Lesson learned:

Be selective with what workshops you attend and listen to the people you would like to become. The key is to use the information you’ve gaining to better yourself as a coach.

Inter-personal skills

This has been an area of personal interest, as like many athletes who compete in individual sports and live in a somewhat cocooned environment, it can be difficult to develop the self-awareness and inter-personal skills that are all so important in the workforce. Having the knowledge is ineffective if you lack good communication and relationship skills with your athletes and colleagues. The ability to recognise actions and behaviours in other people and adjusting your own emotions to deal with them, is a challenging but important skill to develop.

In my current job, I deal with a diversity of clients from elite and recreational athletes, to the general population. These experiences have challenged me to be flexible in my thinking and learn to refine how I communicate, particularly when I am trying to guide them through an exercise program during injury. As has often been quoted – ‘it is not the injury you are treating, it’s the person with the injury’.

Lesson learned:

Every client is different. You need to adapt your coaching style to each one. Having the right channels of communication is will determine success.

 

Colin Griffin working in the Sports Surgery Clinic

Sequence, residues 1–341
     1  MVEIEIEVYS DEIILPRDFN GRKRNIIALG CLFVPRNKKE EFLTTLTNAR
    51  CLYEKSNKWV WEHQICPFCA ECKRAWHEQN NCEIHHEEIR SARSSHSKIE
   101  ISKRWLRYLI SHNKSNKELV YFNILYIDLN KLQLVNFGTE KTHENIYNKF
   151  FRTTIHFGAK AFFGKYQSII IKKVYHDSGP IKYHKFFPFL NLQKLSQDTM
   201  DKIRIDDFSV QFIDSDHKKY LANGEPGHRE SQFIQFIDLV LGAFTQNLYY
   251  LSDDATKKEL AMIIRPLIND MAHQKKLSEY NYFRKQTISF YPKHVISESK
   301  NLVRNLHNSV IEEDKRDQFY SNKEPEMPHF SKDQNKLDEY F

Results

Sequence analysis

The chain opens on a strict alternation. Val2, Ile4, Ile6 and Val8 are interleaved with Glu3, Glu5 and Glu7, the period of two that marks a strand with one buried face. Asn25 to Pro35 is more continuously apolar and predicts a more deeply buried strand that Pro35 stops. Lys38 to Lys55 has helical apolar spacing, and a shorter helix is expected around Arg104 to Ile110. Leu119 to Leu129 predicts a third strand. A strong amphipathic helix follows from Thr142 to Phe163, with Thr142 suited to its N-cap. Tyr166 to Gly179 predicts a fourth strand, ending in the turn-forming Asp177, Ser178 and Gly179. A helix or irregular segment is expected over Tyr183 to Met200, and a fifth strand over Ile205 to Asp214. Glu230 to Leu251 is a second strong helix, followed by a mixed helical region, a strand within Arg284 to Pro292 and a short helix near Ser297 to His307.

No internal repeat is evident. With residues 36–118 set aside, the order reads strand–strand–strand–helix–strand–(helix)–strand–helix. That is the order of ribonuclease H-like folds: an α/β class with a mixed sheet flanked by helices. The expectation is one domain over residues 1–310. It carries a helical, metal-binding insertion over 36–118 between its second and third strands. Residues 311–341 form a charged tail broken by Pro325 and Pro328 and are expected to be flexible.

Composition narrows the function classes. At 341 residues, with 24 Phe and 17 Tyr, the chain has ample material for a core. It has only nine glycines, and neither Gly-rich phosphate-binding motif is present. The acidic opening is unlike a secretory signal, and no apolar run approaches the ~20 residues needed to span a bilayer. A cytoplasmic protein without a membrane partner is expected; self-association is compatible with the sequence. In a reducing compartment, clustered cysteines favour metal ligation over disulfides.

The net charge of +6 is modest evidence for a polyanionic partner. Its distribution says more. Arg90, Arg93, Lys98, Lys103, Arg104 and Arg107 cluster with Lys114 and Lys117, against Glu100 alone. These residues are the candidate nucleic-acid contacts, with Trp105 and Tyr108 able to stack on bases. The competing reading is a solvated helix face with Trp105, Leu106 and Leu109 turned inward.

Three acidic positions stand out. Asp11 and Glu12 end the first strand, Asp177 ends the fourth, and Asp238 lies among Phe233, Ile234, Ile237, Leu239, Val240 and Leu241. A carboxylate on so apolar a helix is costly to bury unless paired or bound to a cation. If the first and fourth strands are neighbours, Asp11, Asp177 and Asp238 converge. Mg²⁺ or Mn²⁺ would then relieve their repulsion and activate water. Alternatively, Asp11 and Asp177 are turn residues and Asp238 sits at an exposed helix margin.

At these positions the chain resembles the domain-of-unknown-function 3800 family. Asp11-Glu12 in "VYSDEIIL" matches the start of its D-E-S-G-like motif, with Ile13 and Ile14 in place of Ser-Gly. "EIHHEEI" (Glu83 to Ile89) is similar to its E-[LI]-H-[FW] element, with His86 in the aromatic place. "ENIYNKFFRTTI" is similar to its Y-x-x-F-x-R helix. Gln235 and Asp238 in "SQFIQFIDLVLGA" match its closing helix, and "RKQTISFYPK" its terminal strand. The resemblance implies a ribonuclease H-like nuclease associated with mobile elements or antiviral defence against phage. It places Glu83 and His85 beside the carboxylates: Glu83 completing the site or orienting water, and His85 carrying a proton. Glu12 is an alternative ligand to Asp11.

Technology and data

During my competitive athletics career, I have always embraced technology. I have used heart rate monitors and my own lactate-testing to monitor my key workouts. Other technologies that I currently use in my coaching include dartfish video analysis, velocity-based training and force plates. I am excited about the role force plates testing can have in monitoring and profiling athletes and utilising this data along with other information regarding their training load, injury rehab targets and performance measures.

While technology and data is valuable for programing and decision-making, I feel it must not be used at the expense of the intuitive skills of coaching. A simple ‘how are you feeling today’ and judging your athlete’s mood and energy levels should not be over-looked.

Lesson learned:

A good coach does not rely on technology, they need a good sense of intuition in order to know what is right for their athlete.

Conclusion

Coaching can be a very fulfilling and rewarding process, and the long-lasting impact you can have on another person must not be underestimated. In my view, a successful coaching legacy is measured not just by sporting success, but also by the influence you have had on people you’ve coached, for several years later and even outside of sport. I can think of numerous coaches that I have been fortunate to work with that have had a positive influence on my career development. And so the journey continues!

About the Author:

Colin Griffin B.A. MSc is a Strength & Conditioning coach, Performance Coach and former international athlete. Colin competed in the 50km walk at the 2008 and 2012 Olympic Games and has also coached up to Olympic level with over 15 years experience in elite sport. He currently works as a Strength & Conditioning coach at the Sports Surgery Clinic in Dublin with a primary focus on injury rehabilitation and is also founder and Director of The Altitude Centre Ireland. Colin completed a degree in Strength & Conditioning with Setanta College before achieving an MSc in Coaching & Exercise Science in UCD and is currently undertaking a PHD in muscle-tendon mechanics at the University of Nice. He is an IAAF Level 4 Endurance Coach, coach education tutor with Athletics Ireland and an accredited S&C coach with the Sport Ireland Institute of Sport.